There are several layers of protection in place for those buying real estate in Ohio. First and foremost, the state requires in-depth disclosures by the seller. They have to write out the condition of various systems so that buyers can make an informed decision.
After a buyer makes an offer on the property, their mortgage company will probably require an appraisal, and inspections are often part of the closing process as well. However, even if you have your real estate agent, an appraiser and an inspector on the property, all of you could miss a latent defect. There might be cosmetic repairs or a cover-up that make it clear the previous seller knew about the issue and did their best to hide it from you.
How do you hold a seller responsible for a defect they intentionally hit before you bought the house?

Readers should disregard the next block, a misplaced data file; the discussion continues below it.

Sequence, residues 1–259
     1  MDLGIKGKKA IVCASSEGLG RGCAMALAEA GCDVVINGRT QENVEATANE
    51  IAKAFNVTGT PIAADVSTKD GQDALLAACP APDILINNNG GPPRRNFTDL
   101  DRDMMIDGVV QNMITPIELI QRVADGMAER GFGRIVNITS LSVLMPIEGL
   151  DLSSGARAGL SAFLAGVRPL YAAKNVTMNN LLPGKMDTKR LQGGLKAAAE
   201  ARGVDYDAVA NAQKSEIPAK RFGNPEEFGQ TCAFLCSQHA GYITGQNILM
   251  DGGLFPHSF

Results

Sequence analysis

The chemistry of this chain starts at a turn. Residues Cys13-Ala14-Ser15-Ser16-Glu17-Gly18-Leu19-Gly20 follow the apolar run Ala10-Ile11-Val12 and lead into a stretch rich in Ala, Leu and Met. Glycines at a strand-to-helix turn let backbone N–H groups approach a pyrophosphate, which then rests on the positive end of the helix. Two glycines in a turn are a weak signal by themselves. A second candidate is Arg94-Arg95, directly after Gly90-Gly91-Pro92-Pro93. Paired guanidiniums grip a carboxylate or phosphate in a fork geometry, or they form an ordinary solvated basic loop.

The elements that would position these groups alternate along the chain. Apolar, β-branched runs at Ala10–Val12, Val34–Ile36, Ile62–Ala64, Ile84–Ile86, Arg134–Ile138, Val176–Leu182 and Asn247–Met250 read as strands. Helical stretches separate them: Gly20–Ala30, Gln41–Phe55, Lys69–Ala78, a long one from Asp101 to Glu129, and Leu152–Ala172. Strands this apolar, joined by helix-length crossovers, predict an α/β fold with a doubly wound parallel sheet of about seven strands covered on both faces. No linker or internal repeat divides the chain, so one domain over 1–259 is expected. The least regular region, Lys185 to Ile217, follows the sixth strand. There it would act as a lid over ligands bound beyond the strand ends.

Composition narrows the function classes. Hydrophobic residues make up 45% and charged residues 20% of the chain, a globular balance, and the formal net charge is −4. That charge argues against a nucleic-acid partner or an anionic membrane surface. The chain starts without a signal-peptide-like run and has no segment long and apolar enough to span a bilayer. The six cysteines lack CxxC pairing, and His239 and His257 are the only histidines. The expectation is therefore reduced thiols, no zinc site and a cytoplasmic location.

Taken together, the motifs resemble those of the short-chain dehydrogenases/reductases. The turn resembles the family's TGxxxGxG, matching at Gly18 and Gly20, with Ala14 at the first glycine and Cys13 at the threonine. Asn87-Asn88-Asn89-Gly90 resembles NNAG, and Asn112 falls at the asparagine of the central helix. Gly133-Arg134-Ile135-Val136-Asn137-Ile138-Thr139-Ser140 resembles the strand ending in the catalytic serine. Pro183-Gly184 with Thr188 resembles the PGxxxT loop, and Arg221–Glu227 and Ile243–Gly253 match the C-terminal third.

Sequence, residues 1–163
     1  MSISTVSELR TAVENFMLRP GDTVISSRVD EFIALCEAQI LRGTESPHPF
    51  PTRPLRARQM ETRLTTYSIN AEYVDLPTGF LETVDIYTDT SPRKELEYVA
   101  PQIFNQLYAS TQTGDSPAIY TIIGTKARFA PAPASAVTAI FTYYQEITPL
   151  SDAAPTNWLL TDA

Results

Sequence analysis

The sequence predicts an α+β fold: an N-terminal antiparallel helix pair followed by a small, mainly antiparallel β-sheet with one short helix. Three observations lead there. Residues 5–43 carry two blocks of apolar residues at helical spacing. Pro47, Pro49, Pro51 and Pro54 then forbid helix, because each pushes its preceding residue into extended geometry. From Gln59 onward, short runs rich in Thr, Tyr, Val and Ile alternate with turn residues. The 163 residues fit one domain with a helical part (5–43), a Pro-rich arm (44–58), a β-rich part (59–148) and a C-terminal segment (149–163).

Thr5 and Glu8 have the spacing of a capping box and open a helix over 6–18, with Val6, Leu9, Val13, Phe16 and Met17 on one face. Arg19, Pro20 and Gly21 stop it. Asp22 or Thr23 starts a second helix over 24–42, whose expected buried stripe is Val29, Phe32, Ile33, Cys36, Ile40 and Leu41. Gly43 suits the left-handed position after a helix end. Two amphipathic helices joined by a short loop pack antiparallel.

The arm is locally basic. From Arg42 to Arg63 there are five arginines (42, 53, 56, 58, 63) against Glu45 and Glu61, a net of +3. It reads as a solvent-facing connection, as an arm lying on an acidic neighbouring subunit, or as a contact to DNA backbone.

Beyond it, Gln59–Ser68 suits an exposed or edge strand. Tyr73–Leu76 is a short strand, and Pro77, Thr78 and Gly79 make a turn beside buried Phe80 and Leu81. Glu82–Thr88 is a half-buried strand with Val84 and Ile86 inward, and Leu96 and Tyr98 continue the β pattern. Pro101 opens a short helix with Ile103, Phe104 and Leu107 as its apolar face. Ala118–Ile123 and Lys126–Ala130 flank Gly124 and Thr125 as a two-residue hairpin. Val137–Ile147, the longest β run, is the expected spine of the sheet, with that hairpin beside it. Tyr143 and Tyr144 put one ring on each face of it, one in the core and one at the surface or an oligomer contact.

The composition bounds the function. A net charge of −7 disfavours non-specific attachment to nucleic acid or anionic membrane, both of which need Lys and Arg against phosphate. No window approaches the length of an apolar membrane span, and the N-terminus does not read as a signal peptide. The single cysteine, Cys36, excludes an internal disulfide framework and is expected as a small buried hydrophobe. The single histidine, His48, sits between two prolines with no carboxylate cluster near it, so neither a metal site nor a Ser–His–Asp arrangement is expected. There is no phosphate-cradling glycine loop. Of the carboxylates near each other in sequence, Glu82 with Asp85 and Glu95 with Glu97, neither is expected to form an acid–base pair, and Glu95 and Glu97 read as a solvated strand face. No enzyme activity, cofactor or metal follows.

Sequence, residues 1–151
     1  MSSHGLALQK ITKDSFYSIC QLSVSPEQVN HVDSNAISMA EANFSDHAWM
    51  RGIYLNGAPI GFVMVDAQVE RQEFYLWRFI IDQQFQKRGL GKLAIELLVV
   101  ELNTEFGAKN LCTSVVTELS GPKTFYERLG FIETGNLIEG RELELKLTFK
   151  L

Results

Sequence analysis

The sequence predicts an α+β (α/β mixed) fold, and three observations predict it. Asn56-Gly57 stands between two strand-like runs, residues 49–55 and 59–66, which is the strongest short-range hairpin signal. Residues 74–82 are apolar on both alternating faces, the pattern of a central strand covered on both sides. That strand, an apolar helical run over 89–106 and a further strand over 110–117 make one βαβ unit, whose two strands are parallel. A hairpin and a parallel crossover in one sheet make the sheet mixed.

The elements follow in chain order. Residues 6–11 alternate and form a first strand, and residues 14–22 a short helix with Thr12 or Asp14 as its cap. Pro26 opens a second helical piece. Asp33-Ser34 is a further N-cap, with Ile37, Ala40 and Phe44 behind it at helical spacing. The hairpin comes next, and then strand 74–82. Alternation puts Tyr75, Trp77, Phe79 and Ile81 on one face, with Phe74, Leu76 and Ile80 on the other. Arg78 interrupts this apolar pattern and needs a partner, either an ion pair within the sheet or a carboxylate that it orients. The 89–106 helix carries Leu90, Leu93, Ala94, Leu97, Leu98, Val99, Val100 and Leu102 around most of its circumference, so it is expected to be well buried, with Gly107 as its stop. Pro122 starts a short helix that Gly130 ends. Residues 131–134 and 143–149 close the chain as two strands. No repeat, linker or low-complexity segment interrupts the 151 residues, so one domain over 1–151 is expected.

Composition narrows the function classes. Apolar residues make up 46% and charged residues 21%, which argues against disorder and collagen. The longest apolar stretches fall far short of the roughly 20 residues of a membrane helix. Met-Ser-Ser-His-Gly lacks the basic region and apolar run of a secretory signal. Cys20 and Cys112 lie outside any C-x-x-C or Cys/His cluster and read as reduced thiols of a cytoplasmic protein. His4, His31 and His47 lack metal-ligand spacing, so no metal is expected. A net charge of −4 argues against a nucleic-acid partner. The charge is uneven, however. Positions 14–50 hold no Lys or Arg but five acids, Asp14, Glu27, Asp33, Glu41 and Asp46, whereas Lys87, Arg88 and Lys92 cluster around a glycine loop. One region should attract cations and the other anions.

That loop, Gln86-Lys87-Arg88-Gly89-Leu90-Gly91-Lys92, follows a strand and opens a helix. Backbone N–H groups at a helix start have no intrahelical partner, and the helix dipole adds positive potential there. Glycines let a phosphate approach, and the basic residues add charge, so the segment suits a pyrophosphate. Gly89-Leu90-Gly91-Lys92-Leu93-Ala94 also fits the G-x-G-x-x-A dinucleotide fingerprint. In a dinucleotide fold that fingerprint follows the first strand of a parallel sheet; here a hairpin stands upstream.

You may have to take them to civil court
Ohio state law is quite clear that sellers can not intentionally withhold information about defects. If they know that there is a foundation issue or problem with the wiring, they have to tell the buyers for the property about those problems.
Failing to disclose known issues creates liability. Quite often, it will be the seller who is ultimately responsible for their failure to disclose accurate information about the property. Seeking compensation in that scenario will likely require a civil lawsuit. However, in cases where a seller’s agent knew about the defection did not advise you, you may have grounds for an insurance claim against the agent’s professional coverage.
Exploring all of your options can help you address losses after a residential real estate purchase of a property with an undisclosed defect.